- a fluid bag that receives the removed excess fluid as the excess fluid drains from the ultrafiltration filter.
2. The completely wearable ultrafiltration device of claim 1, further comprising:
- a blood inlet tube that extends from the patient's blood vessel to a shuttle pump input and then from a shuttle pump output to an input of the ultrafiltration filter; and
- an anticoagulant pump connected to the blood inlet tube and adapted to infuse anticoagulant from an anticoagulant reservoir into the blood inlet tube.
3. The completely wearable ultrafiltration device of claim 2, wherein the anticoagulant pump is a piezoelectric pump or a piston pump.
4. The completely wearable ultrafiltration device of claim 1, wherein the completely wearable ultrafiltration device is adapted to operate on a rechargeable battery's power, the rechargeable battery being completely worn on the patient.
5. The completely wearable ultrafiltration device of claim 1, further comprising a blood outlet tube, which carries the patient's blood from the blood filter back to the patient's body.
6. An ultrafiltration device comprising:
- a blood inlet tube adapted to receive blood from a patient's body;
- a shuttle pump that receives blood from the blood inlet tube and pumps the received blood;
- a blood ultrafiltration filter that receives blood forced from the shuttle pump, the blood ultrafiltration filter constructed and configured to filter excess fluid from the blood via pores at a rate determined by a pressure within in the ultrafiltration filter and while in various three-dimensional non-stationary orientations; and
- a fluid bag in fluid connection with the blood ultrafiltration filter, the fluid bag adapted to collect the excess fluid filtered from the blood;
- the ultrafiltration device sized to be completely worn on a portion of the patient's body.
7. The ultrafiltration device of claim 6, further comprising a blood outlet tube to transport filtered blood from a blood ultrafiltration filter output back to the patient's body.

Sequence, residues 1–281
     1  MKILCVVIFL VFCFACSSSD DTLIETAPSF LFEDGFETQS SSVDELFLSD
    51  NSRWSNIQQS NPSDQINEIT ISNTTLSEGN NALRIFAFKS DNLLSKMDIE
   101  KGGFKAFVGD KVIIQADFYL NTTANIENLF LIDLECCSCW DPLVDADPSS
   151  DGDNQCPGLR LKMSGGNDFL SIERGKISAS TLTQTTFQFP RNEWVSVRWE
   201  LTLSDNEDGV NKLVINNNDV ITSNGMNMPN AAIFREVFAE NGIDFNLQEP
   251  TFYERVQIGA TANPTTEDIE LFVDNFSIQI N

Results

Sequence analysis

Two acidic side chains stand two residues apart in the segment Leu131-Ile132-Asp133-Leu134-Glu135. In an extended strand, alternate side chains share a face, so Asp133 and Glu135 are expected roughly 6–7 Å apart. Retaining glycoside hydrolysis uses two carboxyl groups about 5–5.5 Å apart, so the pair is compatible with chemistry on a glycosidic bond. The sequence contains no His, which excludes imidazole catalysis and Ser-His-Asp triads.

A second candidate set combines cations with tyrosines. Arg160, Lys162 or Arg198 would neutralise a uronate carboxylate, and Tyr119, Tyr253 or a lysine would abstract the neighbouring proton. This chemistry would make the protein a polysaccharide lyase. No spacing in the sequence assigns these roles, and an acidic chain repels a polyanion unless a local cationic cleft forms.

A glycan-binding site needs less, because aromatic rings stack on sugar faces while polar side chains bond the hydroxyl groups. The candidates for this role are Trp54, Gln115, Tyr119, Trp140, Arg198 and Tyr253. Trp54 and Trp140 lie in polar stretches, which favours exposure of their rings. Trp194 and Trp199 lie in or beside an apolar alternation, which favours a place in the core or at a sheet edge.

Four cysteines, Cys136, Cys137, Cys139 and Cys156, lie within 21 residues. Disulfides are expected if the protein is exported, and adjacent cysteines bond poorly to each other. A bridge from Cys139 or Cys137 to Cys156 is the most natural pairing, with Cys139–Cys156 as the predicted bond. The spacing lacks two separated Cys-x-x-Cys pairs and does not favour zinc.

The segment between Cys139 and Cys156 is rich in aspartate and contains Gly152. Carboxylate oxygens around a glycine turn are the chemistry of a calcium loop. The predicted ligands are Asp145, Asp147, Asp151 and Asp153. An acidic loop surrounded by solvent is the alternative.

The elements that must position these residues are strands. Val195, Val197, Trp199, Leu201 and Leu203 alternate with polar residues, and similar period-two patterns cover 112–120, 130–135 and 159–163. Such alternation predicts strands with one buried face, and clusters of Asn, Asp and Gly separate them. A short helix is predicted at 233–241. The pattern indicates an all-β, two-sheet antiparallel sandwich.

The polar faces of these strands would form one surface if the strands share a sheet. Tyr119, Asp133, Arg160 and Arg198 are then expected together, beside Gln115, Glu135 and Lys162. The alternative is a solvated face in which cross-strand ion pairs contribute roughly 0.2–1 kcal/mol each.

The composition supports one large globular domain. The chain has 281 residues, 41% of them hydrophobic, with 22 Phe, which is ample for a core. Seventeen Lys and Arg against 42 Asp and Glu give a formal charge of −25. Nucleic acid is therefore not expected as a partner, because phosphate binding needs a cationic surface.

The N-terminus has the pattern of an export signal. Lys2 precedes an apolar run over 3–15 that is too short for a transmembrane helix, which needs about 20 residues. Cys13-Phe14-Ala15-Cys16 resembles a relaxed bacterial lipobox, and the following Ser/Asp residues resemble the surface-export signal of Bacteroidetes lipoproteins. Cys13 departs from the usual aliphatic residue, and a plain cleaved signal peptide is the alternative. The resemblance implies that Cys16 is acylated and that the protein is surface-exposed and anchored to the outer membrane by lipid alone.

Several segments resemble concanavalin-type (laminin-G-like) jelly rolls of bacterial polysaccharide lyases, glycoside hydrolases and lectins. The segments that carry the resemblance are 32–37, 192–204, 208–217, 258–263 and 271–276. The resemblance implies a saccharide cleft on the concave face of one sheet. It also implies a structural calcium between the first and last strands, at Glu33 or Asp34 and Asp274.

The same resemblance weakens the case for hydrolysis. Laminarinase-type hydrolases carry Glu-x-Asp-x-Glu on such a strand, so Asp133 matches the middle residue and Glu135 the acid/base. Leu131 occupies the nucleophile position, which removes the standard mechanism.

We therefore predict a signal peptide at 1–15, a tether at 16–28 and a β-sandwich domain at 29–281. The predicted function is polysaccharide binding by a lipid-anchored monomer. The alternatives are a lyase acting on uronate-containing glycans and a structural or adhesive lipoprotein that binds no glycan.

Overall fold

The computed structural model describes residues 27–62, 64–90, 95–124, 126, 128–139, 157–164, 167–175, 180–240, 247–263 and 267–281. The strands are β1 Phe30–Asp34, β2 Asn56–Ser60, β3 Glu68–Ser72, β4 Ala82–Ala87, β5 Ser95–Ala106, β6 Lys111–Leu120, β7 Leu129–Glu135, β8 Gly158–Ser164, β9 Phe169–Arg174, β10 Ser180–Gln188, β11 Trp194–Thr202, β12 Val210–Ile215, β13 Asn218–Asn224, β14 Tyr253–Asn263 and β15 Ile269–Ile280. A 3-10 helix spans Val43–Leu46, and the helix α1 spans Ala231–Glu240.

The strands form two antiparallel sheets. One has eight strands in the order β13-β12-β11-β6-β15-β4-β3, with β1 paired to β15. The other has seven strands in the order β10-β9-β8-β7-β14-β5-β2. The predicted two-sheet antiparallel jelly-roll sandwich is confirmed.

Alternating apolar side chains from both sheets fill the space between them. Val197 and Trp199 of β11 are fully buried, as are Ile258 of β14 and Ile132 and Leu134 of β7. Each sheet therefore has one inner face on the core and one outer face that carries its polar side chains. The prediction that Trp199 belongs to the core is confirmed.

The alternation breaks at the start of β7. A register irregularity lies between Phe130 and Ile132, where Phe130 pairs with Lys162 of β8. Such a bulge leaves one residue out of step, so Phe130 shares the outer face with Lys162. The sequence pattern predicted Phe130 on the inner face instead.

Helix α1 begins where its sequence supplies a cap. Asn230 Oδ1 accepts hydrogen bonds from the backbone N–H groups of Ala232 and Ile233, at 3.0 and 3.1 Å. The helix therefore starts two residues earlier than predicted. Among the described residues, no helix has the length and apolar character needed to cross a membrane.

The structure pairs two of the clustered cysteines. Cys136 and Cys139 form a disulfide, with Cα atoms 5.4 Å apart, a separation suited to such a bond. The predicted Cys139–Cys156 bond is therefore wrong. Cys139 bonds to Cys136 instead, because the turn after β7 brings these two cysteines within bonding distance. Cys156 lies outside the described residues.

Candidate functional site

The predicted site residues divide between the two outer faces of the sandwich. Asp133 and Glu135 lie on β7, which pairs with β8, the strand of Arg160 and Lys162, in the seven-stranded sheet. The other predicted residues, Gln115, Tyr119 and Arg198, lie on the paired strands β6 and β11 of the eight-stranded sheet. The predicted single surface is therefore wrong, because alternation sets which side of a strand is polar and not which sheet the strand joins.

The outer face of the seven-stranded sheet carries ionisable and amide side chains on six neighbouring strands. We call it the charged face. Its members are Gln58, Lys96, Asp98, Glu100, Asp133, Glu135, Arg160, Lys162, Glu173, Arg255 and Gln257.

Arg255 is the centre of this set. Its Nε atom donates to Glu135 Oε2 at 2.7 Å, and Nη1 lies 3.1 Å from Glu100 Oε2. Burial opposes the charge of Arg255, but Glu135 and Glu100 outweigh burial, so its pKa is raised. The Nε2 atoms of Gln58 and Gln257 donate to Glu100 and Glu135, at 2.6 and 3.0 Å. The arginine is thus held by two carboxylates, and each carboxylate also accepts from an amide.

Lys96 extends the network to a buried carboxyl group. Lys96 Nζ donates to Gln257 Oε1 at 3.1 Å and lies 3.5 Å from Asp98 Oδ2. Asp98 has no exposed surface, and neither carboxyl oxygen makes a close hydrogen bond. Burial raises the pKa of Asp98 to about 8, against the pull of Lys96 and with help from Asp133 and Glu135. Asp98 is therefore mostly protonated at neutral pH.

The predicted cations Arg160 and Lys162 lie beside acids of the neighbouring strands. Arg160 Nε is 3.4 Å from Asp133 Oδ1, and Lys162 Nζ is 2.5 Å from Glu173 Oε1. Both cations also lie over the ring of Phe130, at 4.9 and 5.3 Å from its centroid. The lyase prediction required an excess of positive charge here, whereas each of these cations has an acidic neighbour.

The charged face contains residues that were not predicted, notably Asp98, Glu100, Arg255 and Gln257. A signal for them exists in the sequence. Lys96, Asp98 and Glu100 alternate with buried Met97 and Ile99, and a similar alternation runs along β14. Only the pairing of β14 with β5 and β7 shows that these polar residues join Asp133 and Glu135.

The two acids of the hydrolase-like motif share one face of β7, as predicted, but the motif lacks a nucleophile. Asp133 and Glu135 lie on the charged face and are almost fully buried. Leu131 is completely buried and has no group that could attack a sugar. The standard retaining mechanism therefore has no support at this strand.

8. The ultrafiltration device of claim 6, further comprising means for infusing anticoagulant into the blood inlet tube.
9. The ultrafiltration device of claim 6, further adapted to comprise a battery for powering the ultrafiltration device.
10. The ultrafiltration device of claim 6, wherein the ultrafiltration device weighs less than 2 pounds.
11. A method of removing ultrafiltrate from a patient's blood comprising:
- obtaining blood from a patient's vessel through a blood inlet tube;
- pumping the blood with a shuttle pump into hollow fibers of a blood filter, the hollow fibers having semiporous walls;
- filtering excess fluid from the blood, without a dialysate fluid, through pores in the semiporous walls;
- directing the filtered excess fluid from the blood filter into a fluid bag while the shuttle pump, the blood filter and the fluid bag are together oriented in various non-stationary three-dimensional orientations.
12. The method of claim 11, wherein the shuttle pump, the blood filter and the fluid bag are all adapted to be worn together on a portion of a patient's body.
13. The method of claim 11, wherein the filtering excess fluid from the blood is done at a rate determined by the pressure of the blood within the hollow fibers.
14. The method of claim 11, further comprising returning blood that exits the blood filter to the patient via a blood outlet tube.
Filed: Oct 6, 2009
Publication Date: Jan 28, 2010
Patent Grant number: 8137299
Applicant: NATIONAL QUALITY CARE, INC. (LOS ANGELES, CA)
Inventors: VICTOR GURA (BEVERLY HILLS, CA), EDMOND RAMBOD (LOS ANGELES, CA)
Application Number: 12/574,128
International Classification: A61M 1/18 (20060101);